Enrollment in income-driven repayment plans for student loans can change significantly depending on the particular benefit emphasized to borrowers, according to a National Bureau of Economic Research paper released Monday.
Using data from a survey of University of Maryland undergraduates, researchers found that student loan borrowers were more likely to enroll in IDR plans when they were presented as insurance against unaffordable payments, rather than a cost-saving measure. The plans allow borrowers to set their loan payments based on a percentage of their income instead of a standard fixed monthly payment.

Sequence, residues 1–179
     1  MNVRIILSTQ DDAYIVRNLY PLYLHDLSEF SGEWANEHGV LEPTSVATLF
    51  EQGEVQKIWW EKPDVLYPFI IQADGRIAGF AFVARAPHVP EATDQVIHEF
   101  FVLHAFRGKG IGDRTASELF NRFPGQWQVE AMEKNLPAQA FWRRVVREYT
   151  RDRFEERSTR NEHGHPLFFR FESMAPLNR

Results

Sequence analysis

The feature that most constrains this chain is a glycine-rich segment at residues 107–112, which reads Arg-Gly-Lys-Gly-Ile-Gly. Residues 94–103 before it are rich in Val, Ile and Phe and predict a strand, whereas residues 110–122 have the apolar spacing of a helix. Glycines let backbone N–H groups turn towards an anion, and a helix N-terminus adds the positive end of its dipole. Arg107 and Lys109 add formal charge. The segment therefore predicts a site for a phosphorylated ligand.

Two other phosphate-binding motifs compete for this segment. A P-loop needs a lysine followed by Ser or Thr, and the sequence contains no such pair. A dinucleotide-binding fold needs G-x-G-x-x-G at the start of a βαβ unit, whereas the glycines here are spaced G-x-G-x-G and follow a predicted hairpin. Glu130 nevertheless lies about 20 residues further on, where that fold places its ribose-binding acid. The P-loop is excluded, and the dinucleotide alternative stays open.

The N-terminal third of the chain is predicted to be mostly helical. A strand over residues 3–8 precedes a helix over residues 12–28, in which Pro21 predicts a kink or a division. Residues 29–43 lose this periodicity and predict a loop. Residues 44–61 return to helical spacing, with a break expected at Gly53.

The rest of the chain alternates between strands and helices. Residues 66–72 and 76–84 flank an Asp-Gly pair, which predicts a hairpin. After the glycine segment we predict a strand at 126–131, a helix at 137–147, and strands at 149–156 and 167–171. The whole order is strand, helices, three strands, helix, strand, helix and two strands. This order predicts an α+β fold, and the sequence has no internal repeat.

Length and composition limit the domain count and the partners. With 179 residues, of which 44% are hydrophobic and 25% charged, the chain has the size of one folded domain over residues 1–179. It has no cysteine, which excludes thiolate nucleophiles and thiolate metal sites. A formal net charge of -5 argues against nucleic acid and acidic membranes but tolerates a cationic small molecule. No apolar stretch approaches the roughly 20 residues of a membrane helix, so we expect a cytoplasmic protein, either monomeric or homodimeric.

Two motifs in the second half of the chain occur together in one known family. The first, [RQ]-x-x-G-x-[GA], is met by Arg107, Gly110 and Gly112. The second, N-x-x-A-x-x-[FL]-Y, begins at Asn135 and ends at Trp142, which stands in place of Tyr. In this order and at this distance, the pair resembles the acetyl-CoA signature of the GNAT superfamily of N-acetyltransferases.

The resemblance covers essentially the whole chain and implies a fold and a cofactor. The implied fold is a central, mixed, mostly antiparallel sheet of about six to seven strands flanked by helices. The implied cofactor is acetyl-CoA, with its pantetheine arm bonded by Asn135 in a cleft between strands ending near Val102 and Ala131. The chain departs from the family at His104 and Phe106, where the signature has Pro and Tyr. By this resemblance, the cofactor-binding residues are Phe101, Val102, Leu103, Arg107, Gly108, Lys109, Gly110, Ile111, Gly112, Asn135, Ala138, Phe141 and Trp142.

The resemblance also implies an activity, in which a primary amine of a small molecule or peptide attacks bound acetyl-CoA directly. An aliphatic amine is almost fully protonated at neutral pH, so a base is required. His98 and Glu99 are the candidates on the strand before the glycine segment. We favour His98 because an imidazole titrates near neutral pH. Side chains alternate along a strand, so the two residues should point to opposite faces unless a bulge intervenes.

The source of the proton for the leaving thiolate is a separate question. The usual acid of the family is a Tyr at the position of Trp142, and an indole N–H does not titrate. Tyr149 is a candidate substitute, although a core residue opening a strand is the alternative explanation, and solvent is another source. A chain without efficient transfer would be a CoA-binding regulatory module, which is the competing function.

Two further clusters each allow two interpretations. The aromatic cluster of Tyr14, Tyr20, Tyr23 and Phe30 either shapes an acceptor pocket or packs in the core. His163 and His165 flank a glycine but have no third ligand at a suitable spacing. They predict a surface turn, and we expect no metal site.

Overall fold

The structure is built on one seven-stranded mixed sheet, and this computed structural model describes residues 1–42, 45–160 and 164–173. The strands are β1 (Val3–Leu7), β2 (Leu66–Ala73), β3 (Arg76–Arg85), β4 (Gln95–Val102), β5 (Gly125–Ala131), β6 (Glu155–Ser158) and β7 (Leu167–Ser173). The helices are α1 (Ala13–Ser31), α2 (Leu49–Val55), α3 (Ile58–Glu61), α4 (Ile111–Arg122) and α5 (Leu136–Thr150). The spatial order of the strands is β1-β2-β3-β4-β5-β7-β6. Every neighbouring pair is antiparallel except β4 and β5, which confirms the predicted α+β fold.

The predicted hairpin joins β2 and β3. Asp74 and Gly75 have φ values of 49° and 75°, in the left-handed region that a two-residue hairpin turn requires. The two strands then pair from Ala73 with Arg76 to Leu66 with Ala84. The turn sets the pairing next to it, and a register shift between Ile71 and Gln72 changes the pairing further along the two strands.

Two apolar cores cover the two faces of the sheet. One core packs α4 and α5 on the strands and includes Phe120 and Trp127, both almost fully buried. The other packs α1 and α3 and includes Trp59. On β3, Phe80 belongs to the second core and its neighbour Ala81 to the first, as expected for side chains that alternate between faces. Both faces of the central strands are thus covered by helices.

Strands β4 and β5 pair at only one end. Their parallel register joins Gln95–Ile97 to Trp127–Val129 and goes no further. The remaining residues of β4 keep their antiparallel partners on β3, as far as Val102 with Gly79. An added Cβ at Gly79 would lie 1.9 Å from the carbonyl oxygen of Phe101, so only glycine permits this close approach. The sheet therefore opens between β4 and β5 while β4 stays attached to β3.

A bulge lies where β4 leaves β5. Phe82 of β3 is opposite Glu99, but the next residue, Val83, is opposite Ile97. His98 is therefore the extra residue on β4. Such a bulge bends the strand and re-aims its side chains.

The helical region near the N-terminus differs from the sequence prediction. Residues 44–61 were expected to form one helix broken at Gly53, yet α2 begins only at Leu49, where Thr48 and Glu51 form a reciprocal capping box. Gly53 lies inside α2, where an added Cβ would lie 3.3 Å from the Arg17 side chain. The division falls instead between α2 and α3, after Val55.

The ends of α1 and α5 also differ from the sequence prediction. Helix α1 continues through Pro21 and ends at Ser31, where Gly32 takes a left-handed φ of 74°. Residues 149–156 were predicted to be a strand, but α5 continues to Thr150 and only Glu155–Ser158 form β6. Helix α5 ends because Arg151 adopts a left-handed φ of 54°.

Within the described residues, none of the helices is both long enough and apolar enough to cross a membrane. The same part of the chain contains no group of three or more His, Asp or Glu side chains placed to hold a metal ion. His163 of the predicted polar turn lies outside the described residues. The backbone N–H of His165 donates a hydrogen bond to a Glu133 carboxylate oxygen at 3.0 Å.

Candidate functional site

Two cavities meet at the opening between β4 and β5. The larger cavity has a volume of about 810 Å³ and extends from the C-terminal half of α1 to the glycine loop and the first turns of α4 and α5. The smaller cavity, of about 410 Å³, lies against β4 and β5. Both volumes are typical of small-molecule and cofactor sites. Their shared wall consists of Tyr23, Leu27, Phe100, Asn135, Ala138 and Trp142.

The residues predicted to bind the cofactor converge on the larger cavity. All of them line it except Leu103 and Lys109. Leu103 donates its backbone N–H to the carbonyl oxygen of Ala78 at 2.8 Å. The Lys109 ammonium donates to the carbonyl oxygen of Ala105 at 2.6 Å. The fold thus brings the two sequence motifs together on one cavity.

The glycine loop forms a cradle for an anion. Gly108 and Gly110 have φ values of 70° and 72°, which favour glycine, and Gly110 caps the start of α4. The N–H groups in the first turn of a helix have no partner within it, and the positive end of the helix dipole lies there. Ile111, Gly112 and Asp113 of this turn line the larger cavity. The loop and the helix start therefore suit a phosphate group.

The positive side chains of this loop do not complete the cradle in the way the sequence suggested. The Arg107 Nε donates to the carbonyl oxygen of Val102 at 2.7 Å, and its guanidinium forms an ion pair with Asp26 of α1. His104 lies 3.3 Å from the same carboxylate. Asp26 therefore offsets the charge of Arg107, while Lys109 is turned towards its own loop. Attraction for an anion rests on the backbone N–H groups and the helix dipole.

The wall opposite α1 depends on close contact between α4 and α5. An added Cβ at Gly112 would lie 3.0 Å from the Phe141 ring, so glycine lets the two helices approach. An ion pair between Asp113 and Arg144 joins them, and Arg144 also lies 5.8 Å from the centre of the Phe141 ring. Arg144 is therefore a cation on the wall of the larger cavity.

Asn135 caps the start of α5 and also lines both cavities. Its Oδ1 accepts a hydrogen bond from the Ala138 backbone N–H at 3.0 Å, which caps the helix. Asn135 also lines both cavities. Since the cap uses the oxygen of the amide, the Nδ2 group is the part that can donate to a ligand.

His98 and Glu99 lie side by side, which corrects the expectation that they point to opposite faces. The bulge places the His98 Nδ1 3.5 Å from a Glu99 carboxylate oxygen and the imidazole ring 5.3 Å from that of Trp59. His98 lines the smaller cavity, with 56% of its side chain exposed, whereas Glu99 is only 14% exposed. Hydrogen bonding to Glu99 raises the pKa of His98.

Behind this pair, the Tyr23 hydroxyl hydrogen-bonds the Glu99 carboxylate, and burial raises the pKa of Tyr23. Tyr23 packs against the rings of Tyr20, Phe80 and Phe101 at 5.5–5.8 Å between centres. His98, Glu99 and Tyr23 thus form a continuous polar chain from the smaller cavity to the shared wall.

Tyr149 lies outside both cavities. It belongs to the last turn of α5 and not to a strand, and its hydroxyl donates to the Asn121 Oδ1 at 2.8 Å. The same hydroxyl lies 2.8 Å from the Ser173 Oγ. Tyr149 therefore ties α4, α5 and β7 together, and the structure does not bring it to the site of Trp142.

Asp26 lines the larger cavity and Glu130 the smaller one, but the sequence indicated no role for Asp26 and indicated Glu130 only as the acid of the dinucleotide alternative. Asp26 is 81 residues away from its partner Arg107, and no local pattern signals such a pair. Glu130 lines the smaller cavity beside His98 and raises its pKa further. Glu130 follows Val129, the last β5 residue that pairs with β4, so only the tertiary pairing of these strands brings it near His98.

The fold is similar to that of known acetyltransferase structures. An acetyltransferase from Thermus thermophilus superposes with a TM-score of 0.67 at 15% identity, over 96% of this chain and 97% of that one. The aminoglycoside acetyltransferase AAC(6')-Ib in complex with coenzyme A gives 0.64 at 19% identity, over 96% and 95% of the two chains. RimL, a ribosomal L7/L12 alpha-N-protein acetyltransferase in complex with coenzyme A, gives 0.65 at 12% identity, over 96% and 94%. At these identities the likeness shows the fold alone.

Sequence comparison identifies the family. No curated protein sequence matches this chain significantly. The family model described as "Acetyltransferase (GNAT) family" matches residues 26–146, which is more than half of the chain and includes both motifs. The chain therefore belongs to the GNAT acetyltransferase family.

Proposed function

The Obama administration sought to boost enrollment in IDR plans -- and lower loan default rates -- with more outreach to borrowers, including targeted communications. But as of the fourth quarter of 2017, only 28 percent of the 23 million borrowers who had entered repayment on their student loans were enrolled in an income-based plan.